Fellow NCAT senior Yakira Chapman is looking to break into sports merchandising. She says attending a non-fashion-focused school may have impacted her network and industry access and notes that out of the twenty jobs she’s applied for, she’s only gotten interviews for two. “I would say my experience with competitiveness and issues in the job market really came in last year when I was trying to fulfill my internship requirements,” she explains. “Connections get you a lot farther [sic]. I mean, obviously you need the talent, but your connection gets you farther. And there's a big difference between going to a STEM school and getting a fashion degree than going to an art school and getting your fashion degree.” 

Chapman is the first person in her family to pursue a creative career. She thinks of the experience as an opportunity for her and her loved ones to learn what it really takes to get a foot in the door. She’s learned to be keenly aware of brands that say they want to work with diverse talent but ultimately select non-Black people, citing her past with internships. 

“A lot of times it would be I'm applying, there's a lot of brands that are like, Okay, we want to be very diverse and we're trying to push our diversity, equity, and inclusion, because as we know, that's becoming a lot more popular within companies…and then I wouldn't hear anything. And then they post their internship class on LinkedIn [and it’s] non people of color who went to SCAD, FIT, Parsons, all the major fashion schools. Not to diminish their talent or anything, but it is kind of telling when you have people telling you, Oh, we want your talent, we want to be more diverse and then the internship class is not showing that.” The internships reflect the grim reality of the business at large—in fashion design, less than eight percent of designers are Black.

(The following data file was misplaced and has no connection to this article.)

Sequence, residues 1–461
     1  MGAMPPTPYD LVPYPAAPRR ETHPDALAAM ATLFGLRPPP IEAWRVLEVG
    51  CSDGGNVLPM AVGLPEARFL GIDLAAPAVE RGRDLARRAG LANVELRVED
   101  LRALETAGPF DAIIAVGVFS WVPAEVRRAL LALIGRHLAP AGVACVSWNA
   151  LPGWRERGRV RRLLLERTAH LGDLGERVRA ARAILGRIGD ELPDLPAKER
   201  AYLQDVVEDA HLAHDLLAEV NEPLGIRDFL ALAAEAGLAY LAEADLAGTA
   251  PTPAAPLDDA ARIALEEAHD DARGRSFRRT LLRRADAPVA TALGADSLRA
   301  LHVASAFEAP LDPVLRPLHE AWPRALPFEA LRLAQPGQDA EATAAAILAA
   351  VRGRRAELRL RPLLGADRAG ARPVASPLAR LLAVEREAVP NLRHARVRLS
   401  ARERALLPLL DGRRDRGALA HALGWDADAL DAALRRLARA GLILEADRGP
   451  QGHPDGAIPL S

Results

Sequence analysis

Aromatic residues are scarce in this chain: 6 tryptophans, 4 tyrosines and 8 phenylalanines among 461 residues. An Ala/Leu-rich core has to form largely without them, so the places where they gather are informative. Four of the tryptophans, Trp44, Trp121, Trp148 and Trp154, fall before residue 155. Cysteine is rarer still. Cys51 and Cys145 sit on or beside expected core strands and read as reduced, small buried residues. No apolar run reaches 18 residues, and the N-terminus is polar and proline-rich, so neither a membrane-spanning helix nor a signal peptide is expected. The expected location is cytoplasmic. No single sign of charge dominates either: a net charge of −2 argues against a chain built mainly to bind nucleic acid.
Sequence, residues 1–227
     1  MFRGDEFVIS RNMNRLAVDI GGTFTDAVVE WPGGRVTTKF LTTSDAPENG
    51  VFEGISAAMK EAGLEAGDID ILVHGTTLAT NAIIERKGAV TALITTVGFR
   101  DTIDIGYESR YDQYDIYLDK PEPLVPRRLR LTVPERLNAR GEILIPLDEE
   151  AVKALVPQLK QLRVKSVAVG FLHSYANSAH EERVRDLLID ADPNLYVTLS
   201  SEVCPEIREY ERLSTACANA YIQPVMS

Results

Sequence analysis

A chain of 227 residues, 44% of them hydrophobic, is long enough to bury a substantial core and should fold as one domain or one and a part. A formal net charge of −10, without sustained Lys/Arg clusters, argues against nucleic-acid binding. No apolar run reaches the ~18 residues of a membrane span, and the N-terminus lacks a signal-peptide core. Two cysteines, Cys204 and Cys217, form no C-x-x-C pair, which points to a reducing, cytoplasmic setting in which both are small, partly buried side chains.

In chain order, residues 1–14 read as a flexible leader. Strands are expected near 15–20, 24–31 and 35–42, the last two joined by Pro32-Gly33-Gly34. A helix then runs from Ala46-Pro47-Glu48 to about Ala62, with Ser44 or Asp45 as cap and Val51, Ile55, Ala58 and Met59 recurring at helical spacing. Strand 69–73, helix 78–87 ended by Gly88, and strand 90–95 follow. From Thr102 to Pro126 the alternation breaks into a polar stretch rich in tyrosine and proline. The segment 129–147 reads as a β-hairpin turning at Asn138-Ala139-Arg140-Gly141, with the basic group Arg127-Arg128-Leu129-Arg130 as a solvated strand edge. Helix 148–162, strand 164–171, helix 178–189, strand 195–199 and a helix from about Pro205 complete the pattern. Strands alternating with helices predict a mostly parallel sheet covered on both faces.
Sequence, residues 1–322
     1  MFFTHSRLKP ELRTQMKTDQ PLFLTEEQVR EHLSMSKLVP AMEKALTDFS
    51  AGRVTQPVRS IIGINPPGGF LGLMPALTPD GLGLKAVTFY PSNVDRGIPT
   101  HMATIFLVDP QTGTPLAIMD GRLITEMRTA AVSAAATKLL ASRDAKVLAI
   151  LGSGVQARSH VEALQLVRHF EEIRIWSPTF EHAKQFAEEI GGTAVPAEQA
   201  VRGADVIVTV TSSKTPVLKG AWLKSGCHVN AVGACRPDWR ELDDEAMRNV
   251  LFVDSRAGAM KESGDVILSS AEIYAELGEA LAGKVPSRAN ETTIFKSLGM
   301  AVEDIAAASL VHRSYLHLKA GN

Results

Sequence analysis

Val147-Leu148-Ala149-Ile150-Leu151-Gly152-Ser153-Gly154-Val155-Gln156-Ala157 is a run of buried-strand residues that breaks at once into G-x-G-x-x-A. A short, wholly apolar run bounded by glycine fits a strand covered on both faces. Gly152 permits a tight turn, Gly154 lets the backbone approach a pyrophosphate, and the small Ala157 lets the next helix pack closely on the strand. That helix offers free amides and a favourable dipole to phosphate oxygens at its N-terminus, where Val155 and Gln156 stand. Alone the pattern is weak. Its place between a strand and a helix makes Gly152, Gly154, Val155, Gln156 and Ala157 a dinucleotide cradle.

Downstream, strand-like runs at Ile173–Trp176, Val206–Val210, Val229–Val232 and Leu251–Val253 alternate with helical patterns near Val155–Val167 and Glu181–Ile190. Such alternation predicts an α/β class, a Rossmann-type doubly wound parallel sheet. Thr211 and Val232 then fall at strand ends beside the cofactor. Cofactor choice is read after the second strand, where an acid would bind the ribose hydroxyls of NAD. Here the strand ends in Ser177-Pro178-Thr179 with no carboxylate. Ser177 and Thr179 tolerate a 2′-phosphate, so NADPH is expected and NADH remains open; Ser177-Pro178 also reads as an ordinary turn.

While Gen Z’s career journey has been less than ideal, being excited about graduation is a nearly meditative practice for some. “I don't have too many expectations at the moment. I'm trying to focus on gratitude with everything, especially just getting a degree regardless of how my career takes off after I get the degree,” Chapman says. “Going through four years of college is a great accomplishment. So I'm trying not to be too hard on myself about not hearing back from this company or getting rejected from this team or anything like that. I'm trying to make sure that I remain proud of myself despite the circumstances.” 

Hopefully, a positive outlook makes a difference. Gen Z surely deserves it